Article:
The State isn't the Best Tutor

More and more Russian orphans are finding new homes. Sixty-four thousand children were adopted or taken in by foster parents in the first eight months of 2007, Deputy Prime Minister Dmitry Medvedev says. Great progress has been made since last year, when just 7,700 orphans were adopted by Russians and another 6,700 by foreigners.

Estimates of the total number of abandoned Russian children vary from 700,000 to two million. Only one in six has no relatives at all. Orphanages are certainly not the best places for them. Physicians and psychologists agree that life at home, even at a foster home, stimulates intellectual and emotional progress, helping children to adapt to adult life and eventually set up healthy families of their own. The state no longer thinks it is the best tutor for the 200,000 children in orphanages today.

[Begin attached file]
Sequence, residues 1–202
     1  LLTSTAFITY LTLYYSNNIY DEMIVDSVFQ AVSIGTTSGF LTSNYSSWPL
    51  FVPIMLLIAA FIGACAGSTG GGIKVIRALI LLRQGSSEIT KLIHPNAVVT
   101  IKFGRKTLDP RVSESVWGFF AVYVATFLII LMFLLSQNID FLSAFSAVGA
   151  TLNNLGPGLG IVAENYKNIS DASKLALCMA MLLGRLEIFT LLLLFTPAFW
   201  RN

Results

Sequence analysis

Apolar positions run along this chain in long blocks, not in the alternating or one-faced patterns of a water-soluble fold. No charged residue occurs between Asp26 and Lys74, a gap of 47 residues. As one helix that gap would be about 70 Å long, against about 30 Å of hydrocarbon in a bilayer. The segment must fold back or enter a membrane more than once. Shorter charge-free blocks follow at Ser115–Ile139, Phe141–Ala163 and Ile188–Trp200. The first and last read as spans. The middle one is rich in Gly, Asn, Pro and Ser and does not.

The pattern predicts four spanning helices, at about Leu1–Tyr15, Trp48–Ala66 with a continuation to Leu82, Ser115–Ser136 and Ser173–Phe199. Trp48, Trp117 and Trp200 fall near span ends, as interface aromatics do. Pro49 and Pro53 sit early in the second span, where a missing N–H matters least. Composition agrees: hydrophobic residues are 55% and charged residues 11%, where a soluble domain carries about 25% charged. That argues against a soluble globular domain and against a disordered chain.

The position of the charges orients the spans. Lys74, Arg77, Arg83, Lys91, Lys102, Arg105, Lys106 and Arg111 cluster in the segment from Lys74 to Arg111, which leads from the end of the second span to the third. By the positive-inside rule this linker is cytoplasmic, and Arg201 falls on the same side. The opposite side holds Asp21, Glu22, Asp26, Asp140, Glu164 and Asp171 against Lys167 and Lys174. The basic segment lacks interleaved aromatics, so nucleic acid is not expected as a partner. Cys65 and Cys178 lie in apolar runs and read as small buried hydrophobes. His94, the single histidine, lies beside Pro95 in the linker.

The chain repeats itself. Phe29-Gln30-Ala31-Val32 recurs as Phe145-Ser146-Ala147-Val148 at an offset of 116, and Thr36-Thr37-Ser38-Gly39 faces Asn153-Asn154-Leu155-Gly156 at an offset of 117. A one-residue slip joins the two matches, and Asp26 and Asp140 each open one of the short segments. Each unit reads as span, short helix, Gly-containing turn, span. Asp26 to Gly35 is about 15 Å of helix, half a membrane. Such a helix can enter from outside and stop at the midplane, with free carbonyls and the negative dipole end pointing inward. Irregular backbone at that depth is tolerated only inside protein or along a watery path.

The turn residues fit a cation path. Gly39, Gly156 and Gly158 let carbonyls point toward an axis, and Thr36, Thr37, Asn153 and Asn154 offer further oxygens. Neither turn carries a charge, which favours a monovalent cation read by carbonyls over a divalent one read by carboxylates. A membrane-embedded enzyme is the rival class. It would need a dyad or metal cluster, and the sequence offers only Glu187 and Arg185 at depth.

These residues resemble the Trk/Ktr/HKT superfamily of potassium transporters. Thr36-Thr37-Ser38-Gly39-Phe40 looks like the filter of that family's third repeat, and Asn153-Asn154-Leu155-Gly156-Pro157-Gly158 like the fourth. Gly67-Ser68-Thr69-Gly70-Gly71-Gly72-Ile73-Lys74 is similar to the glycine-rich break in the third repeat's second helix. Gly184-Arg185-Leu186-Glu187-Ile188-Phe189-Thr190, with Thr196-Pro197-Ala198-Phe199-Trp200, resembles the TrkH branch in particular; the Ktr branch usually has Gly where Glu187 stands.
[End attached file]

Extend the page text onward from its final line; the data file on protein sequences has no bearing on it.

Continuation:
Adoptions are largely promoted by rising living standards and financial incentives. This year's federal budget allocated 6 billion rubles, or $245 million, for the purpose. Foster parents have received 8,000 rubles ($327) a month per child since the start of 2007. The Moscow, Astrakhan and Tula regions add their own allocations to these federal grants, and help foster families to improve housing.

There is a more important factor than money: a changing public attitude. Ten percent of Russian respondents to a poll by VTsIOM (All-Russia Public Opinion Research Centre), and 16% in another poll by the Public Opinion Foundation said they were willing to adopt a child. Officials must not hinder adoptions with red tape; their principal duty is to monitor childrens' lives in their new homes.

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